Police arrest fourth MS-13 member for Valley Stream man's murder


Police have arrested a fourth person in connection with the murder of Julio Cesar Gonzales-Espantzay, a 19-year-old Valley Stream man whose body was discovered in the Massapequa Preserve, near Seaview and Ocean avenues, in March.

Antonio Cullal, 23, of Princeton Street in Hempstead, was arrested by U.S. marshals in Maryland on Oct. 6 and charged with second-degree murder. In a Newsday video taken at his arraignment the next day, Cullal appeared to display a MS-13 gang sign.

MS-13, or the Mara Salvatrucha, is believed by federal prosecutors to have thousands of members across the United States, primarily immigrants from Central America. The international gang originated in Los Angeles in the 1980s before spreading to Canada, Mexico and Central America. Detective Lt. Stephen Fitzpatrick, commanding officer of the Nassau County Police Department’s Homicide Squad, said at a news conference on Oct. 7 that Cullal is undocumented.

Local authorities arrested Laura Christina Campos, 28, of Bladensburg, Md., on Sept. 28 and charged her with second-degree murder. She was arraigned on Sept. 29 in First District Court.

Carlos Portillo, 22, of Princeton Street in Hempstead, was arrested on July 29 in connection with what the NCPD termed a homicide, according to a news release, and Kevin Granados-Coreas, 19, of Rosedale, Queens, was arrested on Aug. 15. Both were charged with second-degree murder. Portillo was arraigned on July 30, and Granados-Coreas, on Aug. 16, both in First District Court.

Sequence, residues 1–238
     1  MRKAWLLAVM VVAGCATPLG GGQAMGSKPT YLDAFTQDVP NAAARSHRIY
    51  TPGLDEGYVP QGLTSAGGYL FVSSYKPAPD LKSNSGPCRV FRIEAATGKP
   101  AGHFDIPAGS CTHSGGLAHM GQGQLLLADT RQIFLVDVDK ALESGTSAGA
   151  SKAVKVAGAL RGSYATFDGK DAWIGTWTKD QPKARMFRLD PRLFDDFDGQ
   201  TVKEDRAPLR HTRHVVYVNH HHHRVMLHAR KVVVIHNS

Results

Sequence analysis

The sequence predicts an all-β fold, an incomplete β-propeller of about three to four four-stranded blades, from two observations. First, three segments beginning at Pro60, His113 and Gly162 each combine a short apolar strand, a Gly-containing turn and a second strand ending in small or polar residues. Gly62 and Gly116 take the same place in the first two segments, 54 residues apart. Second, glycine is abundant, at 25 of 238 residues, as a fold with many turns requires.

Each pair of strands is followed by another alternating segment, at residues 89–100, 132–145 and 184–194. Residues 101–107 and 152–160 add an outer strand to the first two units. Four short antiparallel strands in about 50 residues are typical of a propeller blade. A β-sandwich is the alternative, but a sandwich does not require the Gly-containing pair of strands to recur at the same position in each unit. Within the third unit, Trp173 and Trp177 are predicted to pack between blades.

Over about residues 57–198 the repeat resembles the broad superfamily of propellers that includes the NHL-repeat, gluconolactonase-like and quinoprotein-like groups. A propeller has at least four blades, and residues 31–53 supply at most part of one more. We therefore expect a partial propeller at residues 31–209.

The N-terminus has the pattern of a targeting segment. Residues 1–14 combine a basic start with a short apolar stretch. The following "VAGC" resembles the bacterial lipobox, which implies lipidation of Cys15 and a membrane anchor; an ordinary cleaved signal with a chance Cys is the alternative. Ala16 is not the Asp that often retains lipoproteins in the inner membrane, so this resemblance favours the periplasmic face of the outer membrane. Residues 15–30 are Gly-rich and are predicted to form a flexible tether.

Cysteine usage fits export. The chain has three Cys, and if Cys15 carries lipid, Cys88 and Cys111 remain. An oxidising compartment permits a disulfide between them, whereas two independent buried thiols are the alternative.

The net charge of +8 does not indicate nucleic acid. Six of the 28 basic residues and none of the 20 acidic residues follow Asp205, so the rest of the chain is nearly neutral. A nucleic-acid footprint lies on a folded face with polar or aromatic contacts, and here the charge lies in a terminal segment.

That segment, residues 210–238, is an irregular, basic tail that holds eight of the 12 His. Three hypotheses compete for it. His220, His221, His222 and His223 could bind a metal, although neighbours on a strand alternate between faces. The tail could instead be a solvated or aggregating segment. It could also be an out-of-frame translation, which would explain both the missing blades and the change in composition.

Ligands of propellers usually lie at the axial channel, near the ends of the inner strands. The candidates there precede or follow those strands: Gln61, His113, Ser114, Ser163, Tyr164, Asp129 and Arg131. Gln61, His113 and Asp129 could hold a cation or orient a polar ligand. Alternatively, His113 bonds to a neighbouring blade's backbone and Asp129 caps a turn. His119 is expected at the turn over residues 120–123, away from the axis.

According to published reports, all four were members of MS-13, and the two beat, stabbed and shot Gonzales-Espantzay in an effort to advance in the gang. His body was reportedly dumped in Massapequa two months before it was discovered.

Authorities said Gonzales-Espantzay was lured into a car on Jan. 28 with the promise of marijuana and sexual favors before being killed.

He is not believed to have been an MS-13 member. Bill Heidenreich, superintendent of the Central High School District, told the Herald in March that the district had no record of Gonzales-Espantzay attending its schools.

Both President Trump and U.S. Attorney General Jeff Sessions have visited Long Island in recent months to promise federal action against gang violence.

Trump mentioned the gang by name in a July speech to local law enforcement at Suffolk Community College. “Together, we’re going to restore safety to our streets and peace to our communities,” he said, “and we’re going to destroy the vile criminal cartel MS-13, and many other gangs.”

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